23.  Clause 6 also contains a mutual obligation on RS and ENTRUST not to make or publish any untrue or misleading statement or comment about the other. Again, that is a standard provision. That provision does not prevent RS telling his side of the story or from telling "the truth about ENTRUST". The mutual obligation is not to make "untrue or misleading statements" and does not have wider effect. ENTRUST is advised that many confidentiality clauses do seek to prevent any comment by the departing employee at least for a specified period: no such "gagging clause" was included in the settlement with RS.


  24.  The legal advice given in relation to Dr Sills falls into two phases:

    (a)  29 March 2001 to 21 May 2001. In that period, Rowe & Maw gave advice to ENTRUST and in particular to the Investigation Panel which carried out a preliminary (non-disciplinary) investigation into whether Dr Sills was in breach of his terms of employment. The fees payable to Rowe & Maw for the period 29 March 2001 to 21 May 2001 in respect of advice to the Investigation Panel and other matters in relation to Dr Sills were 14,451 (exclusive of VAT).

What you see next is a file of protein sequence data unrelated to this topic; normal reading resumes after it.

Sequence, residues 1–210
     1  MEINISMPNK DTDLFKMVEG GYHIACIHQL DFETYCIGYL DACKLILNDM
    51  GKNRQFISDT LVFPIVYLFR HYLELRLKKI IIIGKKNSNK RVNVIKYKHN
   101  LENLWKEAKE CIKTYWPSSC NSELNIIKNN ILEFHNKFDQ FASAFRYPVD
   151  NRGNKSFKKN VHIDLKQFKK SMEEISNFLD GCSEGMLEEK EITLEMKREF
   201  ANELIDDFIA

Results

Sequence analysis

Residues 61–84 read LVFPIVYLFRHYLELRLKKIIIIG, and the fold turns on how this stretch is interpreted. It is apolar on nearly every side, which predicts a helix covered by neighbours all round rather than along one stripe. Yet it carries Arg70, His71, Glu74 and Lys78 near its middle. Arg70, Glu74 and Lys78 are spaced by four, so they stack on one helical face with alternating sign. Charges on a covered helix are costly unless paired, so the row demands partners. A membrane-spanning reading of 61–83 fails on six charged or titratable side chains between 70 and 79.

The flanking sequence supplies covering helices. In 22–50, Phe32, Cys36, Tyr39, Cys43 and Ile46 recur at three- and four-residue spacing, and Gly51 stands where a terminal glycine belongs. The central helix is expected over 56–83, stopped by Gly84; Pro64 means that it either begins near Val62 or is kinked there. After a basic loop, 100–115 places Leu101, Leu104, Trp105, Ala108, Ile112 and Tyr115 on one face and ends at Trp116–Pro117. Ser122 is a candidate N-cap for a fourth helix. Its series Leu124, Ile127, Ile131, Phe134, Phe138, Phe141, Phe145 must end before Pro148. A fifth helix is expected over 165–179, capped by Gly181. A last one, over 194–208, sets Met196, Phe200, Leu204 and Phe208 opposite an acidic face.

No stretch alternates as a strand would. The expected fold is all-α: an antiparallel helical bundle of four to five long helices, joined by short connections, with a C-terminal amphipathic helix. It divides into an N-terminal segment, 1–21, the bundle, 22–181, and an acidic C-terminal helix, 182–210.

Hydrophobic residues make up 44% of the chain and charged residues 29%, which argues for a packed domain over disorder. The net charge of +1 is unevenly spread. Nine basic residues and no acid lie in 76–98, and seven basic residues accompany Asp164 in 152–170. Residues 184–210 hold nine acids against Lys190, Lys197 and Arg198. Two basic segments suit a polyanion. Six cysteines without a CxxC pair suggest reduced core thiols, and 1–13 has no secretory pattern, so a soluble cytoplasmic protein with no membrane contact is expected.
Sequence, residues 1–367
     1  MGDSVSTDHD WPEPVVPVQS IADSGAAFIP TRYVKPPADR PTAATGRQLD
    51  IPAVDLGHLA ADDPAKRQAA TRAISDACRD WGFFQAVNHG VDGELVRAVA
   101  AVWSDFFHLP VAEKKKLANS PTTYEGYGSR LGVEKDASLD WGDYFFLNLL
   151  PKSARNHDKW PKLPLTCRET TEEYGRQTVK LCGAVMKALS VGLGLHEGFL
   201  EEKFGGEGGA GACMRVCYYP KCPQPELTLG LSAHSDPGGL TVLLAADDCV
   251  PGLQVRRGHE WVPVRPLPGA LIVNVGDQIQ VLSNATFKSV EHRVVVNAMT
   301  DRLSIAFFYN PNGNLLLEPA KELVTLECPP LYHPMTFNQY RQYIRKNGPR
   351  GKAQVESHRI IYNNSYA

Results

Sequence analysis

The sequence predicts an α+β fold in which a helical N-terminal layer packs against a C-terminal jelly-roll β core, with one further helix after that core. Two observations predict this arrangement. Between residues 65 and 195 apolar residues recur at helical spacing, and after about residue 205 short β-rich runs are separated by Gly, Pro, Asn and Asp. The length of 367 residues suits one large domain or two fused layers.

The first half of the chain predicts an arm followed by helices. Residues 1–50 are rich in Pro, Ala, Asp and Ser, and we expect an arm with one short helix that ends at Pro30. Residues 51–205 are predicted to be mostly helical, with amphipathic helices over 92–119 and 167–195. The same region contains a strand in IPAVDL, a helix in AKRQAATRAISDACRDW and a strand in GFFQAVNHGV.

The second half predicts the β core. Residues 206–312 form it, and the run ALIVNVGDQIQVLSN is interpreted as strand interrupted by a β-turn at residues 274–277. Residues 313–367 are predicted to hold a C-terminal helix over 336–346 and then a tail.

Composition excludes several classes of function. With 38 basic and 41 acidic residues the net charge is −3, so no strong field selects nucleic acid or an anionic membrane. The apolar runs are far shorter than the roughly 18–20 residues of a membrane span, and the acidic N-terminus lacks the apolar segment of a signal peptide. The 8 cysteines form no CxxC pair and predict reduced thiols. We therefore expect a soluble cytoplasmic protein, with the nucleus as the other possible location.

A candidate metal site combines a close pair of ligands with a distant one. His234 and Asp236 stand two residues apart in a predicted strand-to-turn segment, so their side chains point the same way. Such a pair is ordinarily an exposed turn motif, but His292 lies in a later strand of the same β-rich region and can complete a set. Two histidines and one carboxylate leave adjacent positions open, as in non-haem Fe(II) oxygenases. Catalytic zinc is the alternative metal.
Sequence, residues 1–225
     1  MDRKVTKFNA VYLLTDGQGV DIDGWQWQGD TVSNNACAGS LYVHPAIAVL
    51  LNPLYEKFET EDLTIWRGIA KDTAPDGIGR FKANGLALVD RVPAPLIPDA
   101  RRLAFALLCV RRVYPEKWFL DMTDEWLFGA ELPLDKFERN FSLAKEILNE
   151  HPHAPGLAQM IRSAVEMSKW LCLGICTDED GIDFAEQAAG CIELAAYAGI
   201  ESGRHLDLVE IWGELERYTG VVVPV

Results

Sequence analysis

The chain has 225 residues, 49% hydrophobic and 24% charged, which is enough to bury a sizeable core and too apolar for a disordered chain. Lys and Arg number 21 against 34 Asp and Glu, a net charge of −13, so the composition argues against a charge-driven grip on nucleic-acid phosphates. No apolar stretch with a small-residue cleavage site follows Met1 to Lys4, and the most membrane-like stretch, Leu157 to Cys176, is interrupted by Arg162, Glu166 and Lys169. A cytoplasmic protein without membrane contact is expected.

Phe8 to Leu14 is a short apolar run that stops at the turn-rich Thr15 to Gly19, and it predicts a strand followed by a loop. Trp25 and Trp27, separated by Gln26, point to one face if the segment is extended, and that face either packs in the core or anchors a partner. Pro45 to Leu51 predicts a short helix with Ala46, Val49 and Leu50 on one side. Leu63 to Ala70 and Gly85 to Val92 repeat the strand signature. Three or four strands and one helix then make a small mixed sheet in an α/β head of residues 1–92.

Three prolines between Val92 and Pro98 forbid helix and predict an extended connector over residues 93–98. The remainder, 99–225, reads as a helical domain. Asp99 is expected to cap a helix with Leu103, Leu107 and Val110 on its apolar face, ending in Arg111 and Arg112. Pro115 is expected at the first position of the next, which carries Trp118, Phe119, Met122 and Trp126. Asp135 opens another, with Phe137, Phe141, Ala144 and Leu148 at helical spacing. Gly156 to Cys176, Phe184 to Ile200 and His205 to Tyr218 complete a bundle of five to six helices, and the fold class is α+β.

(b)  22 May 2001 to 9 July 2001. The second phase was the conduct of those negotiations and the drafting and negotiation of a formal agreement which gave effect to the agreement reached. Those negotiations resulted in an agreement being concluded on 9 July 2001. The fees payable to Rowe & Maw for the period 22 May 2001 to 9 July 2001 in respect of the negotiation and conclusion of an agreement for the mutual termination of the employment of Dr Sills were 8,893 (exclusive of VAT). That figure represents the legal costs incurred by ENTRUST in negotiating the departure of Dr Sills.


  25.  I am confident that the decisions taken by ENTRUST were guided by its view of what was in the public interest, informed by specialist legal advice. The decision whether or not to publish the transcript of the confidential session, together with this note of clarification, is a matter for the Committee. However, in support of Mr Broadbent's remarks (Q200), I request that the Committee considers the likelihood that publication could be unfairly damaging to RS, bearing in mind that no disciplinary actions took place which found proved any of the disciplinary charges which RS would have faced.

  26.  If the Committee requires further information, ENTRUST will be pleased to assist.

Roger Hyde

Chief Executive

Lord Cranbrook



March 2002


9   During the evidence session, I mistakenly stated that RS "chose to resign". My use of this term may have led to misunderstanding. If that is the case, I apologise unreservedly. Back

10   This comprised two payments of 1 and 99 respectively. The differing (nominal) amounts have no legal significance. Back